Whilst I obviously cannot condone a ‘hacked’ machine, it does seem to be the underground answer to the confusing labeling of Blu-Ray discs. The other option is from the BDA to finally call the mass Bly-Ray duplications companies to task and force them to properly label discs, not just send them the document which states that’s what they should be doing!

Green half-thickness DVDs – as good as they say?

Friday, July 30th, 2010

Green half-thickness DVDs - do they really work?

With society’s growing occupation with ‘going green’, people are starting to ask what the bulk DVD duplication industry can do to help the cause. Thus the half-thickness ‘green’ DVD, or ‘EcoDisc’, was invented.
Just like a normal disc, this DVD can store audio, visual and text information on it, yet unlike the standard disc it comes at only half the thickness (0.6mm instead of 1.2mm), using less resources in its creation and saving on plastic, emissions and thus allowing the bulk DVD duplication industry to help the environment. This effect is created because a normal disc is two separate halves glued together, while the EcoDisc has only one half, no glue and special clamps and rings to assist the disc player in clamping it properly. The absence of the adhesive used in normal discs is another environmental plus, as the glue gives off toxic fumes.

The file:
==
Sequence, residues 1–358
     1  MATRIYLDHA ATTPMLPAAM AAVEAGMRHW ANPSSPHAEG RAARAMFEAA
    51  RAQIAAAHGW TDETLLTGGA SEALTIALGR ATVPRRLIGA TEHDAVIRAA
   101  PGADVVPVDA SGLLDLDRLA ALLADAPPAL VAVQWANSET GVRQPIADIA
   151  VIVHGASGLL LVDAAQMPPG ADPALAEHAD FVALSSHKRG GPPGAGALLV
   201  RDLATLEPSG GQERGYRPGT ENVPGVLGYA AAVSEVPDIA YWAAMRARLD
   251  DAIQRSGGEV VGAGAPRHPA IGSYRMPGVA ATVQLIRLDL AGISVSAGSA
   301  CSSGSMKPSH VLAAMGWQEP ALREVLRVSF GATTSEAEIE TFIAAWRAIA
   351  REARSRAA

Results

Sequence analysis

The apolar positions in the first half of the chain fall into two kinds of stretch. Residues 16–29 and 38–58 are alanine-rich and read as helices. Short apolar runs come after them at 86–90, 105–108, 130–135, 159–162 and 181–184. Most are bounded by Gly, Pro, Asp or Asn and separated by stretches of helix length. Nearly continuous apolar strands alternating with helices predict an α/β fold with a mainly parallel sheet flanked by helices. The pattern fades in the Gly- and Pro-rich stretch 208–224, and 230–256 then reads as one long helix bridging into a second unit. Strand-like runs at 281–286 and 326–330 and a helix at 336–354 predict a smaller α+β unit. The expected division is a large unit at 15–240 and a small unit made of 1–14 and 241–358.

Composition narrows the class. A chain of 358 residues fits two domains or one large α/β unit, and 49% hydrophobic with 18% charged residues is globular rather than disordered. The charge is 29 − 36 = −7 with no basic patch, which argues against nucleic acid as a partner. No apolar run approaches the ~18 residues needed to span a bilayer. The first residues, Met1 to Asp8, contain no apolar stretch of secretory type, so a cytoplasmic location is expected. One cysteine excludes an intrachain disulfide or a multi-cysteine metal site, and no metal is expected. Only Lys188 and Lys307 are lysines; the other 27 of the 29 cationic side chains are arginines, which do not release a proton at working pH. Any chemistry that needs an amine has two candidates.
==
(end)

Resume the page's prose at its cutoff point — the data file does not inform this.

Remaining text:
But do these EcoDiscs actually work?
So far, the bulk DVD duplication centers manufacturing these discs have been keeping quiet about which discs exactly are EcoDiscs so it is quite hard to tell, but several magazines have given away EcoDiscs as free gifts and some consumers had issues getting them to work in ordinary disc players. The half-thickness can seriously compromise the disc player and a disc can become stuck in a player which does not have an ejecting disc-drawer (like the ones you normally find in cars or in mac computers).
Aside from this, the much of the bulk DVD duplication industry is up in arms: They claim these discs are a serious compromise of DVD standards and licensees have been notified that manufacturing sub-standard discs will cause them to have their licenses taken away.
So while the verdict is still out on half-thickness DVDs, the evidence is not looking promising for them! While I agree that going green is all for the good, we need to make sure that the products created in this cause should be fully tested and work very well in all circumstances before they are put out onto the market!